Not all plain sailing at St James’s Place

It was bad news last week for financial advisers, as FCA regulated wealth manager, St. James’s Place, cancelled Mediterranean Cruises for advisors who met sales targets.

While this might have been a surprise for their advisors, the move is very much in line with rules imposed by the FCA Bible – the “FCA Handbook”.

The FCA Handbook contains a myriad of rules protecting customers. It specifically requires that sales teams are not remunerated with incentives that conflict with their duty to act in the best interests of a client, and particularly not to recommend a particular product when another product could better meet the client’s needs.

Under stiffer regulation, the financial services industry has for some time been firmly moving away from allowing employees to accept incentives, gifts and entertainment. The recent “MIFiD II” EU directive banned the provision of free financial research and analysis by brokers to investment managers, which is very much in line with the regulators desire to focus on customer outcomes and fee transparency.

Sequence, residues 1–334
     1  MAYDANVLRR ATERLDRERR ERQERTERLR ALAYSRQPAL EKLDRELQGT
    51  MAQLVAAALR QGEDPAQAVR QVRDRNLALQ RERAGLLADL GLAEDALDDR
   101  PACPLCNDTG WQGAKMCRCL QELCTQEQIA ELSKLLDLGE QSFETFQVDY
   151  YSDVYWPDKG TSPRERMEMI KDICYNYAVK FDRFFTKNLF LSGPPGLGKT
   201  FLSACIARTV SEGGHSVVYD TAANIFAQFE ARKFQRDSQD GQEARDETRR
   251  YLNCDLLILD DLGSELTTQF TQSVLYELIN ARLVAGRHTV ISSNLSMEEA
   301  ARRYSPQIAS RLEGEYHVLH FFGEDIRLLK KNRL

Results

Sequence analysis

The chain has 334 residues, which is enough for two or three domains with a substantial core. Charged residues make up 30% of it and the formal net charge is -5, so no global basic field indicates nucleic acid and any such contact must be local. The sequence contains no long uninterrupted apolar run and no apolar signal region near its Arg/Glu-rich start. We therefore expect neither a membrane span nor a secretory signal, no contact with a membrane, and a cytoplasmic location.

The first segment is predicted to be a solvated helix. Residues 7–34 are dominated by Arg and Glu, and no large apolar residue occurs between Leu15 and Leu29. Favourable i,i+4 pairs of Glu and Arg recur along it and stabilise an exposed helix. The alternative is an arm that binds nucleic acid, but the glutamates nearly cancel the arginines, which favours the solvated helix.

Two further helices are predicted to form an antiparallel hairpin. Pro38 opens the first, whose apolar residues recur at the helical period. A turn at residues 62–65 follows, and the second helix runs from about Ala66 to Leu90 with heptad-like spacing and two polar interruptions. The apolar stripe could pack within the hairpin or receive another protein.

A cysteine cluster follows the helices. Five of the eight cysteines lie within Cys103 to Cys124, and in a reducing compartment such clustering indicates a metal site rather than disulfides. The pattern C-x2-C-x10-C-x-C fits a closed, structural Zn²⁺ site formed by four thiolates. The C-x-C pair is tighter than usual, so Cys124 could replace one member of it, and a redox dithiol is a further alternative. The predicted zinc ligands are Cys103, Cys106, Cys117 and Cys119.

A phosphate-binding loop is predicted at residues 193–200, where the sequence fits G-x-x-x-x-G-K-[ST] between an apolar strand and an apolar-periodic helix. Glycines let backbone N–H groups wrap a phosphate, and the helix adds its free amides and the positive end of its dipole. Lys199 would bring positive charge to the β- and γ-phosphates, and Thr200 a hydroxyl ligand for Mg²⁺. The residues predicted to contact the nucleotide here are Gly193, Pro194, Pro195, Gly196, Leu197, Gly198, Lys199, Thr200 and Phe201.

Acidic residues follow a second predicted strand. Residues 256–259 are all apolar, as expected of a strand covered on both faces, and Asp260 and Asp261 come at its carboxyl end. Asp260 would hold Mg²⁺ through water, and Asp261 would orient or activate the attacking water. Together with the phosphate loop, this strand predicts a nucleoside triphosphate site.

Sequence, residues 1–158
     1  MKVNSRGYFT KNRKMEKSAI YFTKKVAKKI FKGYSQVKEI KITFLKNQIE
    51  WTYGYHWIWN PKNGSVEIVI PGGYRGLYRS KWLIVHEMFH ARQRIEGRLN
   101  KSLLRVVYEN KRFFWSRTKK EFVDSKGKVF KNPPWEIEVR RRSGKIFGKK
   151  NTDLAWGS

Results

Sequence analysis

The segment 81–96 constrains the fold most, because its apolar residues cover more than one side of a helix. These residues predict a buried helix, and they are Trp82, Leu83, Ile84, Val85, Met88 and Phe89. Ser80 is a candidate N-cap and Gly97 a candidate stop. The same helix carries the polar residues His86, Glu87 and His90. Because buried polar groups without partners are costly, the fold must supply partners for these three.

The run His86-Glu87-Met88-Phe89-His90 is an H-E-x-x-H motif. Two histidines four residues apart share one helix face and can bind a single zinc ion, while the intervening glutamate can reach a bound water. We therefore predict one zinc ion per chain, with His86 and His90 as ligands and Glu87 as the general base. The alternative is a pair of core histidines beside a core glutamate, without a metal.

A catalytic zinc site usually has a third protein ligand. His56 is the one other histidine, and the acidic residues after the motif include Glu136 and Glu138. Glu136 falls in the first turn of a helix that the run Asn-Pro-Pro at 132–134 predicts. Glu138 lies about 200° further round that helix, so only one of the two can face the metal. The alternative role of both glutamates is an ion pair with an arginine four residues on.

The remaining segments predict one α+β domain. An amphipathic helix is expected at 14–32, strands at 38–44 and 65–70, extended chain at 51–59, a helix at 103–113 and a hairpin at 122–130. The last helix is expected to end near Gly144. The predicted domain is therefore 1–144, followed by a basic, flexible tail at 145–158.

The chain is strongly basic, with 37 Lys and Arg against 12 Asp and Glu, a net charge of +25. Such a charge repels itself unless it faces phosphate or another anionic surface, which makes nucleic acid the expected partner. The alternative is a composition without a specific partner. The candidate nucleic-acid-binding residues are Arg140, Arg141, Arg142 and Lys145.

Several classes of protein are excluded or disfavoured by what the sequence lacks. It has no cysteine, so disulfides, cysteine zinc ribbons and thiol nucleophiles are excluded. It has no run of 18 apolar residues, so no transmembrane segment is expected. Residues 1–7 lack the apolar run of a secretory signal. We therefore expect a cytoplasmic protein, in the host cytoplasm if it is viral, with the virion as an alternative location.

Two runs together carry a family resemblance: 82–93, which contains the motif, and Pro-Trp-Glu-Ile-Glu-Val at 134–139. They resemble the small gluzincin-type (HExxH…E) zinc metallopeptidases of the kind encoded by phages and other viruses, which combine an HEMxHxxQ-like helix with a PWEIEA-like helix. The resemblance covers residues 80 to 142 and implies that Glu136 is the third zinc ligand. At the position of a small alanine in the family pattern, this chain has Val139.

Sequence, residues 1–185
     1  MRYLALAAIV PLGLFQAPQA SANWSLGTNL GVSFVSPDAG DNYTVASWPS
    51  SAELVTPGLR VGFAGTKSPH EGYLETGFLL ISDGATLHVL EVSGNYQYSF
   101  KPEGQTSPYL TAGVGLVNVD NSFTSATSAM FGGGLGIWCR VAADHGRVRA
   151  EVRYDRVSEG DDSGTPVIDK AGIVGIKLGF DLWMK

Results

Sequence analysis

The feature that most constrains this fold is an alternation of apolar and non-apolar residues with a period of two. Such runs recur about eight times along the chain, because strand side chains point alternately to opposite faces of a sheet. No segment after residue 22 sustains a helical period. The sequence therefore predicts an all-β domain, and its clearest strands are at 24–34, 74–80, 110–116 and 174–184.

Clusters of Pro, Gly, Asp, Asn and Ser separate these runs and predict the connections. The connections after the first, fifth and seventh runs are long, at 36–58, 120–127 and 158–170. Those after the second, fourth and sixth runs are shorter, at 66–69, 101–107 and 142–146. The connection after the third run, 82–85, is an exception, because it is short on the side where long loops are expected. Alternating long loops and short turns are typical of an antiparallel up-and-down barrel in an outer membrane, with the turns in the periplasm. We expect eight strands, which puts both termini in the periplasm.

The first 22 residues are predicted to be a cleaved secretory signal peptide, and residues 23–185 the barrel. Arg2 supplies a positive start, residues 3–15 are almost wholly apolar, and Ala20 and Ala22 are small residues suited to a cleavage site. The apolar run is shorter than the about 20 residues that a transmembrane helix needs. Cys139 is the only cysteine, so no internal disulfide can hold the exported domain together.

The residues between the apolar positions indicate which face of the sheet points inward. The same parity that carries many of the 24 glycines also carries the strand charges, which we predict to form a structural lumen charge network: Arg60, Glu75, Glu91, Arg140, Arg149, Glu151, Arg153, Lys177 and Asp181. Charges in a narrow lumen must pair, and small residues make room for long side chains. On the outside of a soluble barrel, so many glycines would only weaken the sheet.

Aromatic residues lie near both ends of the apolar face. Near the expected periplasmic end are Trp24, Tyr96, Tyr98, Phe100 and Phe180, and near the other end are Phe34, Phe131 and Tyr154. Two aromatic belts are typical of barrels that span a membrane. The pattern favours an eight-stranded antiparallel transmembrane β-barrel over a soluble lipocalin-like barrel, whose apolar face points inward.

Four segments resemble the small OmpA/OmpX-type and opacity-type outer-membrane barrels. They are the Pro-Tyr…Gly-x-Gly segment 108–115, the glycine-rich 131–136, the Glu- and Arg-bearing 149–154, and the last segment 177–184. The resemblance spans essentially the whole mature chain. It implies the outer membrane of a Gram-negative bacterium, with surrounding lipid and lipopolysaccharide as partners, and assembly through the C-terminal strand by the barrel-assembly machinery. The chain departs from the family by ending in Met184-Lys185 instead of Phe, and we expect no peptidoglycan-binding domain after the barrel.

It would be interesting to see the St James’s Place Compliance Manual to see how the risk and compliance teams deal with these incentives. After all, it is hardly likely that a member of the sales team will tell a customer that he just needs to sell them a home equity plan so that he can take his family on the Queen Mary!

Even though it means a few disappointed families who were set for a holiday, this is ultimately a positive step. We need financial advisors to act in the interest of their clients, not in the interest of their next vacation.

Published on September 30, 2019